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Sumo is a world where success or failure in the ring has direct and tangible effects on a wrestler’s life.

The more you win, the better your situation becomes in many ways.

One visible sign of how well a rikishi is doing is what’s on his feet.

Hear the clip-clop of wooden geta (clogs) and it’s one of the new recruits or men in the lowest two divisions.

Traditional sandals, known as seta, are allowed for wrestlers who reach the sandanme division and those can be paired with split-toed tabi socks when promotion to the makushita division is achieved.

It’s a similar story with the clothing rikishi normally wear. Even in the depths of winter, no matter how cold it gets, coats and scarves are only allowed for those in the top three divisions. Everyone else has to make do with just a thin yukata (light summer kimono).

Every little point is regulated right down to the kind of sash used to hold the yukata closed. Makushita-ranked wrestlers and higher can sport formal hakataori. Anyone in the bottom three divisions has to use the more casual and lighter chirimen.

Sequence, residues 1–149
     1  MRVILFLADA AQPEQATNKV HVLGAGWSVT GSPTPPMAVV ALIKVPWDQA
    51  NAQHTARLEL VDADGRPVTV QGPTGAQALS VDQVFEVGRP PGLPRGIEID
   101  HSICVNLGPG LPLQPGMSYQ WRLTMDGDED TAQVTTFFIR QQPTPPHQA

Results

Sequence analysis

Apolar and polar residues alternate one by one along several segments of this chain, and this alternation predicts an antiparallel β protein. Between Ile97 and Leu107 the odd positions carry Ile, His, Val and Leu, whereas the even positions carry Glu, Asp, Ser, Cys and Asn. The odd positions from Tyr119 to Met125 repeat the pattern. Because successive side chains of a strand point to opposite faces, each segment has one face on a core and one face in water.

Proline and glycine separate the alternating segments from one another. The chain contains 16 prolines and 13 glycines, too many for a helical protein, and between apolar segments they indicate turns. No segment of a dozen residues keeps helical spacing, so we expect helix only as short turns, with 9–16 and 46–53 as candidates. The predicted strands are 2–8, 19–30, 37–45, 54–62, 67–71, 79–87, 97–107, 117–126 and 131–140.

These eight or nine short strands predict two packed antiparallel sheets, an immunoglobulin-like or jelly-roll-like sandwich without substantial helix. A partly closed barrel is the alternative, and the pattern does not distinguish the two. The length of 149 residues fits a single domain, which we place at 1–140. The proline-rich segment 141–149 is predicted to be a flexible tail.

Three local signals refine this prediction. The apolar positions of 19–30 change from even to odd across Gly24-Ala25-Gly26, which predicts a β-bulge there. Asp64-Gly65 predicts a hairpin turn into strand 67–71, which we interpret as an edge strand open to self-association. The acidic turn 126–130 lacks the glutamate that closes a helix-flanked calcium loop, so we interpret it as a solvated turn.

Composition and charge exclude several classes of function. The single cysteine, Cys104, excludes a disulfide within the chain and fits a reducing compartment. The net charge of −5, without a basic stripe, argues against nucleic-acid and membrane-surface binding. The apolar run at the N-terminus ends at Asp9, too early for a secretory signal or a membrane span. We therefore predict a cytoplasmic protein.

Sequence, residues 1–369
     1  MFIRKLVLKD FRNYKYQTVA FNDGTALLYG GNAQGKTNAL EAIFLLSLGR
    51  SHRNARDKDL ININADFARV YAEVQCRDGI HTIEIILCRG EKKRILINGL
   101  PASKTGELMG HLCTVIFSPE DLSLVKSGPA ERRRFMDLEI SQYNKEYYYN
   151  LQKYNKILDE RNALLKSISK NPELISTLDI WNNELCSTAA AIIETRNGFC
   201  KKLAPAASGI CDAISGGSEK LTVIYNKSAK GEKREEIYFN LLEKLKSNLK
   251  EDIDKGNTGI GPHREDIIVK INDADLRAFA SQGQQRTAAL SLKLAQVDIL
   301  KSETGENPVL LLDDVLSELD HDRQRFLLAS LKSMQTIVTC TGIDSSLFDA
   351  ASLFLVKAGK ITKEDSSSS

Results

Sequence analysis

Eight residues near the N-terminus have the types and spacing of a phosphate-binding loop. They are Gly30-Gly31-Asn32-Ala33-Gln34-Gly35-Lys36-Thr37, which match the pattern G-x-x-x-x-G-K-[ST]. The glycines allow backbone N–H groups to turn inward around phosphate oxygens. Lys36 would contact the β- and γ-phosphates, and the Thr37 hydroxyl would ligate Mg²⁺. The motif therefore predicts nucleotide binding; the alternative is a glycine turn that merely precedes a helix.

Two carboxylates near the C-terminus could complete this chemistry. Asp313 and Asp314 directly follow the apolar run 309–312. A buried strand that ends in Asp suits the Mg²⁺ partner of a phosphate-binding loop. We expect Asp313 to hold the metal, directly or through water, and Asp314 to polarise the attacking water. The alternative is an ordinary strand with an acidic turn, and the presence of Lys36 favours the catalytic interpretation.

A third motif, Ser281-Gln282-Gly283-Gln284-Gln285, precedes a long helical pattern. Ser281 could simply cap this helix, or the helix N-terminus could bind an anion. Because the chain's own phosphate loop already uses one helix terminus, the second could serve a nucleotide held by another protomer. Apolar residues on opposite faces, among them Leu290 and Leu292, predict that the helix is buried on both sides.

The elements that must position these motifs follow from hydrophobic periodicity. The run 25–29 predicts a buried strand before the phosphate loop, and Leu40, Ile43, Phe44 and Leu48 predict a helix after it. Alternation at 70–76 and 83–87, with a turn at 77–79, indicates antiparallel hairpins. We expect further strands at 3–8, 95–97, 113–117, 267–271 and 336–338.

The yukata that wrestlers wear are custom-made and normally covered with the names of other rikishi. That’s something that often surprises newer fans. The reason behind it is that yukata material is bought in bulk and giving your own personal design to other wrestlers is both a gesture of friendship and a good way to get some variety into a wardrobe with numerous restrictions.

Specialized plain white undergarments that come with outsized neck holes (to avoid messing up the topknot) are standard, but it’s common for rikishi to wear boxer shorts with all kinds of cute and colorful patterns and designs.

That so offended the sensibilities of former Japan Sumo Association chairman Hanaregoma that he issued a public demand in 2011 for rikishi to exercise underwear restraint.

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